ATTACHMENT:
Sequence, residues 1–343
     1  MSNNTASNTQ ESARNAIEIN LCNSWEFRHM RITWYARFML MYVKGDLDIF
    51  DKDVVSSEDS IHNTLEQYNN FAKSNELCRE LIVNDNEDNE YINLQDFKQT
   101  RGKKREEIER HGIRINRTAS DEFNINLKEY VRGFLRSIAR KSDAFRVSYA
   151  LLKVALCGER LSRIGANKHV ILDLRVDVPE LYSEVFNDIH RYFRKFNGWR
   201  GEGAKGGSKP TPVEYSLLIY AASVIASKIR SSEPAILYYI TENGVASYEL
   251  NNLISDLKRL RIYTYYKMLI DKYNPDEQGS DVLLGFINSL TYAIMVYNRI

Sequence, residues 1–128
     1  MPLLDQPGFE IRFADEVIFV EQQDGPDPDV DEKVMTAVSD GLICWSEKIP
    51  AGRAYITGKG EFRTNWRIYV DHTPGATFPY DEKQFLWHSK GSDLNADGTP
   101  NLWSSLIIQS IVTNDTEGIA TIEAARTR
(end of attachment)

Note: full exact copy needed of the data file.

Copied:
Sequence, residues 1–343
     1  MSNNTASNTQ ESARNAIEIN LCNSWEFRHM RITWYARFML MYVKGDLDIF
    51  DKDVVSSEDS IHNTLEQYNN FAKSNELCRE LIVNDNEDNE YINLQDFKQT
   101  RGKKREEIER HGIRINRTAS DEFNINLKEY VRGFLRSIAR KSDAFRVSYA
   151  LLKVALCGER LSRIGANKHV ILDLRVDVPE LYSEVFNDIH RYFRKFNGWR
   201  GEGAKGGSKP TPVEYSLLIY AASVIASKIR SSEPAILYYI TENGVASYEL
   251  NNLISDLKRL RIYTYYKMLI DKYNPDEQGS DVLLGFINSL TYAIMVYNRI

Sequence, residues 1–128
     1  MPLLDQPGFE IRFADEVIFV EQQDGPDPDV DEKVMTAVSD GLICWSEKIP
    51  AGRAYITGKG EFRTNWRIYV DHTPGATFPY DEKQFLWHSK GSDLNADGTP
   101  NLWSSLIIQS IVTNDTEGIA TIEAARTR